My work never ceases to move me. My students, who are referred by their counsellors, will sometimes say it’s the art that keeps them going.
Dr Anne Riggs
Doctoral Thesis: The Creative Space: Art and Wellbeing in the Shadow of Trauma, Grief and Loss

Often feelings like grief, loss and trauma can be too overwhelming to put into words. This is where artist, teacher and researcher Dr Anne Riggs’ work is helping to change lives. Dr Riggs’ cross-disciplinary research and ongoing work into art and healing shows the huge benefits for people on the road to recovery and discovery.

“Art can help us understand and acknowledge – perhaps better accept – sorrow and loss, by providing the space to find clarity and express deep feelings. For some people, art can work better than talking therapy.

While writing my doctoral thesis at VU – 'The Creative Space: Art and Wellbeing in the Shadow of Trauma, Grief and Loss' – I worked with a group of women who had been sexually abused, mostly as children, using art as a way to explore their feelings and discover their creative self.

VU was very open-hearted to outsider ideas and this cross-disciplinary approach. My supervisors were Associate Professor Jenny Sharples and Associate Professor Michele Grossman, whom I admire greatly.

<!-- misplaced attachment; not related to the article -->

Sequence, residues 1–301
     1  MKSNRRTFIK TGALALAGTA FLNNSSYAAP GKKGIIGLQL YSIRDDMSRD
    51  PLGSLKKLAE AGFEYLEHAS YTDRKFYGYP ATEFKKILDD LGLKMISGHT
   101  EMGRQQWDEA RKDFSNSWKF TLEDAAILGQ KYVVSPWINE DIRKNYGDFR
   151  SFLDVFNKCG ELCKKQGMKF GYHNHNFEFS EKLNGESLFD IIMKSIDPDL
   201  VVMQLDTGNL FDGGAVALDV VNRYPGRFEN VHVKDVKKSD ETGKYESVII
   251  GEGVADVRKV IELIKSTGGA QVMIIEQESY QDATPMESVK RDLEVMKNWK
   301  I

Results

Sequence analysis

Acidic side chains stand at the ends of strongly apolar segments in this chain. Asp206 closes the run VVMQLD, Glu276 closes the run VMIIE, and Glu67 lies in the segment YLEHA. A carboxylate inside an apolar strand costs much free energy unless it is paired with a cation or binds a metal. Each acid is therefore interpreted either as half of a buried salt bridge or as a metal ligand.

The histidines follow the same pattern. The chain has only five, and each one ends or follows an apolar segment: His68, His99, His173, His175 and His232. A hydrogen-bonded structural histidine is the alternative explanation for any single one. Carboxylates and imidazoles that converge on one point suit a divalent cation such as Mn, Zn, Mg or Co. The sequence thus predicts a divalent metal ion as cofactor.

In his commentary, renowned Psychiatrist Dr George Halasz described the research as a groundbreaking development.

I have my own art practice creating ceramics, painting and drawing. I’m also teaching students studying a BA Community Mental Health & AOD at Chisholm Institute, and I work with clients at the South Eastern Centre Against Sexual Assault and Family Violence (SECASA).

My work never ceases to move me. My students, who are referred by their counsellors, will sometimes say it’s the art that keeps them going.

I work with participants in mosaic and clay because these materials are more easily used by inexperienced artists, and offer a broad scope for expression.

Since the Royal Commission (into institutional abuse), people have a better understanding of the long-term impacts of abuse, and they now know that help is available.

Every year I go to Nepal and India with Artists in Community International (an organisation I co-founded), training community leaders and social work students in using arts practice, and working creatively with local communities.”

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College of Arts & Education